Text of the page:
Gen. Harmer was defeated in Ohio in 1790. Col. Christopher Truby, of Greensburg, accompanied him - the latter a relative of the Lauffers. Gen. St. Clair on Nov. 4, 1791, was defeated in the battle of the Wabash. "Wayne's victory at the battle of Fallen Timber, 1795, forever broke the Indian power and gave peace to the Westmoreland frontier."
We can be proud of our hardy pioneer ancestors, who crossed the Alleghenies to hold the marauding Indians in check, to build homes and protect the western outposts in the troublous days of the American Revolution. Historians are slow to realize what strategic work these Germans did, for the end of their adoption, in the throes of its birth. Their industry and enterprise cleared farms and built homes, and produced provisions for themselves and the inhabitants of the fort towns. And their bravery helped crush the Indian power; Gen. Boquet was Swiss-German, as were many of the men under his command. They helped defend Ft. Ligonier, Fort Drumm, Fort Walthour, Fort Hannastown, and Fort Pitt from the merciless savages and Tories in the British Service. Had these outposts been lost in the American Revolution, our country's claim to the Ohio and Mississippi would have been less valid. For their retention, some honor is due our hardy German ancestors.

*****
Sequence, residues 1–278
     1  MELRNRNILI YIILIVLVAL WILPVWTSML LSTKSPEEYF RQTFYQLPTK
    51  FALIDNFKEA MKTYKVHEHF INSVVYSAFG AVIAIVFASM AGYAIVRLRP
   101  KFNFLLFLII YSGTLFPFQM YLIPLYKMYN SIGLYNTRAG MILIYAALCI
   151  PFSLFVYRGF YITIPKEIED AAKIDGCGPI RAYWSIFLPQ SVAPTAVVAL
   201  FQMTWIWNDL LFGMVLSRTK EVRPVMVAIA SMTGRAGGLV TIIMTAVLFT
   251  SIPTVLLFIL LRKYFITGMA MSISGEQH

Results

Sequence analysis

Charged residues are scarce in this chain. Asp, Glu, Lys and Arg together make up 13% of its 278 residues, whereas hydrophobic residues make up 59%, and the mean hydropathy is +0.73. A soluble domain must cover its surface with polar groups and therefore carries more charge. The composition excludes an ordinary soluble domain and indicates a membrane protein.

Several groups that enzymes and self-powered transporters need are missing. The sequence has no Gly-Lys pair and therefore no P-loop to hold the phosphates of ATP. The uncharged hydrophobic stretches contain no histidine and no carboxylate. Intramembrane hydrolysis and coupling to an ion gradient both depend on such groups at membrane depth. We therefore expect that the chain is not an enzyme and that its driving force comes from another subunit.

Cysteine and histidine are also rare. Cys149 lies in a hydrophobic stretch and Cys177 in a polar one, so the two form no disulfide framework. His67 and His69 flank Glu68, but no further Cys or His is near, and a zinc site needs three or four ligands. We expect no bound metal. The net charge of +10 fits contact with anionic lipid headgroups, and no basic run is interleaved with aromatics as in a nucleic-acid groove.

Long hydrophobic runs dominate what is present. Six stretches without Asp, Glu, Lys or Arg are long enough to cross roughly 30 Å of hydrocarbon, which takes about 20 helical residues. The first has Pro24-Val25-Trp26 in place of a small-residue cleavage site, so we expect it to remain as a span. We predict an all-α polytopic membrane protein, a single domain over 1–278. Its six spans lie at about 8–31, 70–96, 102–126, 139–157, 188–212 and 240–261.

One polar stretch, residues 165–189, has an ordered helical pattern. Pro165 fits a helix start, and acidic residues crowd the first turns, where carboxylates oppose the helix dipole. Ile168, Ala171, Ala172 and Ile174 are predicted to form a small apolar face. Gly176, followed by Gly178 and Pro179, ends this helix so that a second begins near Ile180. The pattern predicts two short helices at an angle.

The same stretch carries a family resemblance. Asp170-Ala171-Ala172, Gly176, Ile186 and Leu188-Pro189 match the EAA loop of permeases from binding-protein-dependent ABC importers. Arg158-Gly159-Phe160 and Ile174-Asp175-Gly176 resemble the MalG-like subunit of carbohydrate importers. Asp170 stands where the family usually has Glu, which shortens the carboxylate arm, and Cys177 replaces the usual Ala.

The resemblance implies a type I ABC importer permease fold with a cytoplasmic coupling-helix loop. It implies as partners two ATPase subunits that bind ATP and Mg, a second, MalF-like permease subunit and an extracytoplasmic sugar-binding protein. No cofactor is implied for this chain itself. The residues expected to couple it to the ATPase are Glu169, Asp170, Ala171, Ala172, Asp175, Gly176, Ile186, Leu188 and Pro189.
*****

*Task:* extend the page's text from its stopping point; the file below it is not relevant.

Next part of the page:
Christian Lauffer, according to the history books, is buried at Old Bash Cemetery near Pleasant Unity. However, as the earlier pioneers brought tombstones from 300 miles across the mountains, the markers did not endure the winds of time. Therefore, many of them are barely legible today. Christian died the year the family Church (The First Reformed United Church of Christ, Greensburg) was founded in 1796. As Christian and his wife, Susanna, had eleven children, there are hundreds of Lauffer descendants in the Greensburg area today (circa 1905). As of 2009, we know that tens of thousands of descendants came from Christian. Christian Lauffer's name appears in many family trees found during research on the Lauffer family history. It is hoped that these family lines will be merged as one as the research brings these lines together.
Christian married Susanah Catharina Best, daughter of Wilhelm (William) Best Jr. and Anna Susanna Schaeffer, in 1751 in Moore Township, Northampton County, Pennsylvania. (Susanah Catharina Best was born in 1735 in Germany, died on 19 Jul 1796 in Pleasant Unity, Westmoreland County, Pennsylvania and was buried in Old Bash Cemetery, Pleasant Unity, Westmoreland Co. PA..)